Volume 9, Issue 11
Kelso Longview Chamber of Commerce
Just under 100 Chamber maps are currently available. The Chamber will print 15, 000 of the new version.
MARKETING SOLUTIONS NW "We Market your Business"
Dave Baker firstname.lastname@example.org
Scan to Like Us on Facebook or visit
Chamber CEO’s Message By Bill Marcum Kelso Longview Chamber of Commerce Team Bill Marcum, CEO Amy Hallock, Visitor Information Center, Office Manager and Project Manager Kelso Longview Business Connection is published monthly by the Kelso Longview Chamber of Commerce 105 N. Minor Road • Kelso, WA 98626 • 360-423-8400 kelsolongviewchamber.org To advertise, call Bill Marcum, 360-423-8400 or e-mail bmarcum@ kelsolongviewchamber.org Ad Deadline: 20th of each month
Map a positive direction for advertising dollars We are currently working on our new 2018-
19 Kelso-Longview Chamber map and have not covered all the cost to produce the map as of yet, so there are a few advertising positions still available for both the Longview and Kelso side of the map. This is by far the most sought after publication our Chamber does and I strongly recommend you consider looking into advertising in this publication. We do this map every other year so your advertising will be good for two years, and due to the success of our last map, we are printing 15,000 maps. We are always being asked for this local map and we also send them out in our relocation packets.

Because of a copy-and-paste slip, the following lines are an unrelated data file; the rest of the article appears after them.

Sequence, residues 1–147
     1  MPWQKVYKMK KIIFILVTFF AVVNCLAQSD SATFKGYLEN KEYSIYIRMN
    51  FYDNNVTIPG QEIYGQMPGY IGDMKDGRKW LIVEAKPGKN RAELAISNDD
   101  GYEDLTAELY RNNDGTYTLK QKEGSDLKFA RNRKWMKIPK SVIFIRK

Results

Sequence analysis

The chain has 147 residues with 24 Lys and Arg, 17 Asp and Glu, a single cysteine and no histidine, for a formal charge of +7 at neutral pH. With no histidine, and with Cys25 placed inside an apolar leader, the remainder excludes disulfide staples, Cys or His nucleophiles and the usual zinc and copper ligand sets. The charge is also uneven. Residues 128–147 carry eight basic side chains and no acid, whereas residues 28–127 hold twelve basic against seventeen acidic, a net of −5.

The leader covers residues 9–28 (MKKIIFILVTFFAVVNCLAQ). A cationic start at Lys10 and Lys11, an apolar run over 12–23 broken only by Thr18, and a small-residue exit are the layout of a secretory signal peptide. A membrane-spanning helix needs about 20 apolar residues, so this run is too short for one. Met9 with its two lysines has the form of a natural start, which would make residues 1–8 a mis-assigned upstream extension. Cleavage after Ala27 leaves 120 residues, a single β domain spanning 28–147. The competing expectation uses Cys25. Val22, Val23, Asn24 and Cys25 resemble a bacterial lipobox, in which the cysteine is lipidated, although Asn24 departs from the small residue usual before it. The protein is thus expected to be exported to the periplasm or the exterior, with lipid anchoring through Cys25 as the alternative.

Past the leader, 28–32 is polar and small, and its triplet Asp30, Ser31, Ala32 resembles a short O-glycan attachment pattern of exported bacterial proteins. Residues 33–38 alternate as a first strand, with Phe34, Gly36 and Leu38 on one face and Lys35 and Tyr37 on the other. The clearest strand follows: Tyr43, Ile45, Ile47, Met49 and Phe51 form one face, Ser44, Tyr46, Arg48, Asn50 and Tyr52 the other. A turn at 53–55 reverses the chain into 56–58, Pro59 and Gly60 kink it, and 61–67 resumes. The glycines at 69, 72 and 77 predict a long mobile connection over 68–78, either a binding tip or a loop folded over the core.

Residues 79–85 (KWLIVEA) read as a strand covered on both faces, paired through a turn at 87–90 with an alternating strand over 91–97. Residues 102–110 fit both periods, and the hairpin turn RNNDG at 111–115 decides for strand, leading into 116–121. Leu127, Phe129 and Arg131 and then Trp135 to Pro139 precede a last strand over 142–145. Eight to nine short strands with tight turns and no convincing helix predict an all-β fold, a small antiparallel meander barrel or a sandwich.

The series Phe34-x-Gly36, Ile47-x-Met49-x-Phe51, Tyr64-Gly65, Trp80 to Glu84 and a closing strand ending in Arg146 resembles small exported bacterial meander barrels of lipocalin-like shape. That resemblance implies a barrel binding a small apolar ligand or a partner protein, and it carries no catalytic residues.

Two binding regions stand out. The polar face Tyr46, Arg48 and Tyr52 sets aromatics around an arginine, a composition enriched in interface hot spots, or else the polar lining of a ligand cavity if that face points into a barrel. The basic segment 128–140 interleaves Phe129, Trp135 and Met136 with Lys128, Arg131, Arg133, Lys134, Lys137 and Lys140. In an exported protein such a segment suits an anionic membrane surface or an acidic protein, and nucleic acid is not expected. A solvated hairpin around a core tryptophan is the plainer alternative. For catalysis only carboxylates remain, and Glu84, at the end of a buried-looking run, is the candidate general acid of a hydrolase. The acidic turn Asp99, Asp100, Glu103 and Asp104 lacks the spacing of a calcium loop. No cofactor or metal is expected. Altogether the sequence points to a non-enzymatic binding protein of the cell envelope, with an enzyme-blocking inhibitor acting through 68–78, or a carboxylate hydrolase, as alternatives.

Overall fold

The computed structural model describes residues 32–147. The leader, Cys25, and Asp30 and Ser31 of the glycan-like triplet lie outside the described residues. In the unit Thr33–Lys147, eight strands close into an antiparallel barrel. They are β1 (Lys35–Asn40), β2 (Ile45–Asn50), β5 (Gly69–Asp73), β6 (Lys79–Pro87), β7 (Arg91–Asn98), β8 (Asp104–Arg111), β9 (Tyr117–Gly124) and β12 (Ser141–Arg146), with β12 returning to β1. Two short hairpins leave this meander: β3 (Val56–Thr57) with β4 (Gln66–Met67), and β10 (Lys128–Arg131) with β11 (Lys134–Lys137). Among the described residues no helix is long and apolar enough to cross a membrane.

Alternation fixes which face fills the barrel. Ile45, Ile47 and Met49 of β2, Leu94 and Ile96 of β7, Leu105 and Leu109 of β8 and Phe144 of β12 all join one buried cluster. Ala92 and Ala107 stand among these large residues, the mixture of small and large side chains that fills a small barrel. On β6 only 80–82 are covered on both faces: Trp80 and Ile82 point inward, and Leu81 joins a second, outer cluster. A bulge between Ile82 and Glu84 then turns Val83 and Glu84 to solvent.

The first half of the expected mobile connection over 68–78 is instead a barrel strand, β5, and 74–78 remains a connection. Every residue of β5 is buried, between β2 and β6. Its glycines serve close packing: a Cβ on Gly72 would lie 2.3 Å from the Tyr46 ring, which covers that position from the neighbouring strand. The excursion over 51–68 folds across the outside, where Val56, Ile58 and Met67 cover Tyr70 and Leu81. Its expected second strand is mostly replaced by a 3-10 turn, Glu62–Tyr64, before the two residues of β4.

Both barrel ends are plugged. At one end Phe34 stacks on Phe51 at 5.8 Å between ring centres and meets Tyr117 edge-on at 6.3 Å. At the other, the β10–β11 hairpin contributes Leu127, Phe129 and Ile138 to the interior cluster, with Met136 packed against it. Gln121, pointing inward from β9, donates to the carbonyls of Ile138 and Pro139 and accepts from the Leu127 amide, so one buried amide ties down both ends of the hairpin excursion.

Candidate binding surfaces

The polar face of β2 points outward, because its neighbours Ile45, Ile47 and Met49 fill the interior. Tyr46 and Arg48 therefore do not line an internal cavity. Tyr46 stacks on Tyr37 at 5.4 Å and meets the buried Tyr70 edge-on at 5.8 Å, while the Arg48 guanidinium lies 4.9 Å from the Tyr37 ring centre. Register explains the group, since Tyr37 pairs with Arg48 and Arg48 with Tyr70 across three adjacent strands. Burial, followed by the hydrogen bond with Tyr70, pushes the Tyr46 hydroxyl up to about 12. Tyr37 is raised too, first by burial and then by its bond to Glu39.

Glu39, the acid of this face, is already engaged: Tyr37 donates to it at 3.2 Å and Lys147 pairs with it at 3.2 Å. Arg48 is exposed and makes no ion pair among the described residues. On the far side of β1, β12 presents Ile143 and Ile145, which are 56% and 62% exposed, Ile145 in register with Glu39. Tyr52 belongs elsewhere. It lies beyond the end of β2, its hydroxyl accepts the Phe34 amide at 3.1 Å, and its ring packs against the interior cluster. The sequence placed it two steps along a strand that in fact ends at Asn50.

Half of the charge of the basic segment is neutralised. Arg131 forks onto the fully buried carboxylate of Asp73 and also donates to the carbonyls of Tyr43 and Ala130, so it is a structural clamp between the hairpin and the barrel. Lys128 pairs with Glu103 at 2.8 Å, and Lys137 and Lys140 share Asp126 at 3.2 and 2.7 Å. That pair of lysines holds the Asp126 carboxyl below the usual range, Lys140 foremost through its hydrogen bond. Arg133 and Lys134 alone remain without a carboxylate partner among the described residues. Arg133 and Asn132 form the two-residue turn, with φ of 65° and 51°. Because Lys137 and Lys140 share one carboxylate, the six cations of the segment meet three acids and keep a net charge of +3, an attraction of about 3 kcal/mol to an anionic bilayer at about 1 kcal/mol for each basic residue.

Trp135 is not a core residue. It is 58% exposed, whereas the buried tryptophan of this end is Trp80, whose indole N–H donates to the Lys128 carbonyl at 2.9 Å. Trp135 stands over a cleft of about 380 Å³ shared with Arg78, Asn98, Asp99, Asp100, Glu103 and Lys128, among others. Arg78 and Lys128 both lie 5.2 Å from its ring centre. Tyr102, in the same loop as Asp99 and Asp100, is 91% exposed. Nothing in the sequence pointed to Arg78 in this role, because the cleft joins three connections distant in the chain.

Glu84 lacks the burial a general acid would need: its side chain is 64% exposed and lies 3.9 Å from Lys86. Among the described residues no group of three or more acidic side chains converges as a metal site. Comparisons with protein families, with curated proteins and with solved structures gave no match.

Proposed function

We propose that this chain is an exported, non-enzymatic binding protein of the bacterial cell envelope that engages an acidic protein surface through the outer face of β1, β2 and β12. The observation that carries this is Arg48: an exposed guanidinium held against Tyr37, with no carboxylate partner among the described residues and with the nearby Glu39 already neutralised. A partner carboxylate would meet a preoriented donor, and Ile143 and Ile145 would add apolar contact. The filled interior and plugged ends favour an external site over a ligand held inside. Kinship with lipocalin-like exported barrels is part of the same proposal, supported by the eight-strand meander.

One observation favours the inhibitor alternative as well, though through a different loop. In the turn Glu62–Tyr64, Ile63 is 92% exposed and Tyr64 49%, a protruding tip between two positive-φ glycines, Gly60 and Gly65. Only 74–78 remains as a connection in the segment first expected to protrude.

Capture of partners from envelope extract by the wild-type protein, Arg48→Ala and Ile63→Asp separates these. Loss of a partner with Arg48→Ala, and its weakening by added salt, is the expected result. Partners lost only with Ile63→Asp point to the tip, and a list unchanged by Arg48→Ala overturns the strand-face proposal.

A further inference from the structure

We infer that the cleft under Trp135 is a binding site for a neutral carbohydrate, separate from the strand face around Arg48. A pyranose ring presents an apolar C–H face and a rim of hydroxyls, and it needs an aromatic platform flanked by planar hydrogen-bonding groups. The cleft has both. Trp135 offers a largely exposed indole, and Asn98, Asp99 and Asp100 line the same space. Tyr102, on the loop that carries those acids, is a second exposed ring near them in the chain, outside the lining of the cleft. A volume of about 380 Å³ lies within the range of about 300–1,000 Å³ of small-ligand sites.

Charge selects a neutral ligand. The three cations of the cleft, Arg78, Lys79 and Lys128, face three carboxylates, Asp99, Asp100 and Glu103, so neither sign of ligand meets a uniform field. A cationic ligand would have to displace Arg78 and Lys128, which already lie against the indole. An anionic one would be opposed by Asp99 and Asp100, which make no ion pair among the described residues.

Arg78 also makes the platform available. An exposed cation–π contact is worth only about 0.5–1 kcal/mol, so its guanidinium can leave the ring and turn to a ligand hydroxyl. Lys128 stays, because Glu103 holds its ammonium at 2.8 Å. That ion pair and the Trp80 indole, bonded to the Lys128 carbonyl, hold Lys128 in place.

Locals and people moving into our area, along with many visitors, use this map. They are distributed to local real estate offices, insurance companies, banks, credit unions restaurants, hotels/motels and many other high traffic locations. They are distributed as far north as Castle Rock and as far south as Vancouver. Dave Baker also produces the Woodland/Kalama and Battle Ground chamber maps and will be taking some of our maps to them for distribution. I’ve included two graphics with this column as examples, but if you would like to see what this beautiful map looks like and how your ad would For more Map, see page 2